"No one transaction was a major headline grabber, but cumulatively, it was a dramatic reshaping of the landscape in western Canada," Mr. Waterous said, noting his firm was involved in about two-thirds of the total asset sales. "The pace of the restructuring surprised the industry."
The trend continues. Apache Corp., for example, recently hired RBC Capital Markets to help sell some of its conventional natural gas assets in British Columbia, Alberta and Saskatchewan.
The asset sales were, in part, fuelled by stock prices. The market, buoyed by an improving economy and a sharp improvement in the price of crude, is generally paying a reasonable price for energy companies. That has made outright takeovers, where premiums are a must, difficult, said Kent Ferguson, a managing director in RBC's energy investment banking group. So the action turned to deals for smaller properties.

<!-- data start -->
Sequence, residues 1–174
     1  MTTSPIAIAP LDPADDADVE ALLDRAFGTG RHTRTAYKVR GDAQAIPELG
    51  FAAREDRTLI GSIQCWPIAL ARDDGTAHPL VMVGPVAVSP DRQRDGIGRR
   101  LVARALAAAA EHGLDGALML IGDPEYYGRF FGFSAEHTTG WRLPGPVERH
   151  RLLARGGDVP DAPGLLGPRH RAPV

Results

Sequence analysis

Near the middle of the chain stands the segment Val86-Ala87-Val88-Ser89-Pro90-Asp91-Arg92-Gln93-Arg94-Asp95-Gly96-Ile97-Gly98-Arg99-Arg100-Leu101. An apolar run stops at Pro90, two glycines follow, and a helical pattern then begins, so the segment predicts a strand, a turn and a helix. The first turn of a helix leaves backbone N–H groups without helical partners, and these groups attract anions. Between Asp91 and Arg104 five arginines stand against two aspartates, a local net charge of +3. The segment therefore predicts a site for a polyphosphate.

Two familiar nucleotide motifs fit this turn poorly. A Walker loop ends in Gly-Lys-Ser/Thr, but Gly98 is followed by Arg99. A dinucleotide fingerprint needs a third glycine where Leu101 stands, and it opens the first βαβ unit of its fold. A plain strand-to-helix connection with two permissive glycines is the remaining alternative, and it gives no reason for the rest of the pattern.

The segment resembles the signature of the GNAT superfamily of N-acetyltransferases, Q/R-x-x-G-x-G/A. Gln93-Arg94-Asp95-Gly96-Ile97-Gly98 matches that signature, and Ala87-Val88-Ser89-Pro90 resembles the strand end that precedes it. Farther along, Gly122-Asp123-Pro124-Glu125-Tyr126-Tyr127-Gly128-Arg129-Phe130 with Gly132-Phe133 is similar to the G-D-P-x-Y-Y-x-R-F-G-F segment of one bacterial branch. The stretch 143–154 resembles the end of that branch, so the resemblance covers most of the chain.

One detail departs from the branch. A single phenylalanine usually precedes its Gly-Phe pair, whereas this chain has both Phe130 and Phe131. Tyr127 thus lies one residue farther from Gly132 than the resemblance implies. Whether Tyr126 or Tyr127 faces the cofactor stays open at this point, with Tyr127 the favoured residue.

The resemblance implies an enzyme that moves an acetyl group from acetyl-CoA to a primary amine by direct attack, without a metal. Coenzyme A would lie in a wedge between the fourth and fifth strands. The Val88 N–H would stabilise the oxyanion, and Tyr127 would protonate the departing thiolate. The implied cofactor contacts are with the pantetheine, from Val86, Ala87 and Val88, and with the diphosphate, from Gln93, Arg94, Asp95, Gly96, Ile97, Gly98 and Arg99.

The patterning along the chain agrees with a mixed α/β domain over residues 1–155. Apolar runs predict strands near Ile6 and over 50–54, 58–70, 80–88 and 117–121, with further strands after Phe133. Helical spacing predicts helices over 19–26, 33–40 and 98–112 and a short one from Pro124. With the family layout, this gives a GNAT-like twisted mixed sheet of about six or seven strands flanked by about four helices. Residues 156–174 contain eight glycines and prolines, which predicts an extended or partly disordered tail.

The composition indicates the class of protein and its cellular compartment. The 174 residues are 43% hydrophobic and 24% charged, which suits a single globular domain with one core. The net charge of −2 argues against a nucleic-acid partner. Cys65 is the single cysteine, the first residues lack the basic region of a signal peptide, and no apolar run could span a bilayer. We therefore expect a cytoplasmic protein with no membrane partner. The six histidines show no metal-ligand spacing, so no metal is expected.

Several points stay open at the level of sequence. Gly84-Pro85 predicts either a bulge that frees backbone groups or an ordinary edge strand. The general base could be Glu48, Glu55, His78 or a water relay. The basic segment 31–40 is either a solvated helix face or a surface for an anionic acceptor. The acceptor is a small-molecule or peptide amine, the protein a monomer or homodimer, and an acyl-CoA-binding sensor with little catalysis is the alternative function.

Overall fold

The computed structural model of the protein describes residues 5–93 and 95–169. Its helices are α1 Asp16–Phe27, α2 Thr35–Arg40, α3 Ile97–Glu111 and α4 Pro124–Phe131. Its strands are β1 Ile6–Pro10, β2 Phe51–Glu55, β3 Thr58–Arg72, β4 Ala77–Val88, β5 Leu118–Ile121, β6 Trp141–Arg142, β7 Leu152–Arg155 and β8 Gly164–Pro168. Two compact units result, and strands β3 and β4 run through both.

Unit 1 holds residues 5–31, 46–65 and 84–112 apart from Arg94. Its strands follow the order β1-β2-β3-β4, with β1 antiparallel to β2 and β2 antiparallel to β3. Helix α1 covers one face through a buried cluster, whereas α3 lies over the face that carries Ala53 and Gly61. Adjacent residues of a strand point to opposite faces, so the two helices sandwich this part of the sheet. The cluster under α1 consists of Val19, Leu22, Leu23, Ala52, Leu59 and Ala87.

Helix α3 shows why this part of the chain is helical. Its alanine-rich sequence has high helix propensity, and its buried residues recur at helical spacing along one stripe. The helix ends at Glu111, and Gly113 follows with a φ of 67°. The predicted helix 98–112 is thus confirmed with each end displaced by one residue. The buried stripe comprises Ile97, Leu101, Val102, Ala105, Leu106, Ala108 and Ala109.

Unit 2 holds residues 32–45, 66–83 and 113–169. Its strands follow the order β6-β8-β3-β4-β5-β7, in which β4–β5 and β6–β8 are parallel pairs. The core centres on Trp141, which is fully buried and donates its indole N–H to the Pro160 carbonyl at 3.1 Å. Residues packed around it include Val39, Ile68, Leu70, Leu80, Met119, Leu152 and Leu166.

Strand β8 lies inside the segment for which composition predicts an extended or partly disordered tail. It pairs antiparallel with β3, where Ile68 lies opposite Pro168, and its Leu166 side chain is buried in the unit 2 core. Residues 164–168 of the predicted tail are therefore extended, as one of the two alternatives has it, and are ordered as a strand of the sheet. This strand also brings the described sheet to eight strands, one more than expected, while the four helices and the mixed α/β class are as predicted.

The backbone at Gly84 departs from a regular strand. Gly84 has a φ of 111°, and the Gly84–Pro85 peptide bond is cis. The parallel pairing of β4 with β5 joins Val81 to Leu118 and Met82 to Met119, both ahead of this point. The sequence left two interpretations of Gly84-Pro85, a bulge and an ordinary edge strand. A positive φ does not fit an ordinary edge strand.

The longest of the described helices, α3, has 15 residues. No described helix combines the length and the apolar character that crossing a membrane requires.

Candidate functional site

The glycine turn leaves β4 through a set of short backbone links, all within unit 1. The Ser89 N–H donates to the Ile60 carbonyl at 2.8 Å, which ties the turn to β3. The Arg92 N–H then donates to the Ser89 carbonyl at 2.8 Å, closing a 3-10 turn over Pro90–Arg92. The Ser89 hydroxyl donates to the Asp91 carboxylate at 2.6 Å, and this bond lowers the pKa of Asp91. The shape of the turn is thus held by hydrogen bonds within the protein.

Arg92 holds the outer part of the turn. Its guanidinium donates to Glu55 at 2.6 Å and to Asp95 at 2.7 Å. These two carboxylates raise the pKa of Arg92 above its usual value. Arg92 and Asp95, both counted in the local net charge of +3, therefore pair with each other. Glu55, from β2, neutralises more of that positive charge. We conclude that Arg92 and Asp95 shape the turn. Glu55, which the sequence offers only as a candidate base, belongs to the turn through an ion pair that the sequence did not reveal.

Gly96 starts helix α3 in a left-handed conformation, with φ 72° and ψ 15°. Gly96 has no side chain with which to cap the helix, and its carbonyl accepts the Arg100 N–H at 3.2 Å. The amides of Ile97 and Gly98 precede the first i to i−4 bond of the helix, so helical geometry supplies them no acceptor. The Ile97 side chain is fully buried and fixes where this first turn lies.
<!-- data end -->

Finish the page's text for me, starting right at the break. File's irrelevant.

While asset sales changed the face of Canada's energy sector in 2010, two of the country's largest IPOs cannot be ignored. Both were oil sands deals, and the first, a $1.35-billion debut by Athabasca Oil Sands Corp. in April, had a notable effect on its follower, MEG Energy Corp., which pocketed $700-million in July.
Athabasca's deal initially looked like a hit, with GMP Securities drumming up more demand than Athabasca anticipated. The excitement quickly crashed, with the stock falling from the IPO price of $18 to about $10 in less than two months. It has since rallied to more than $16.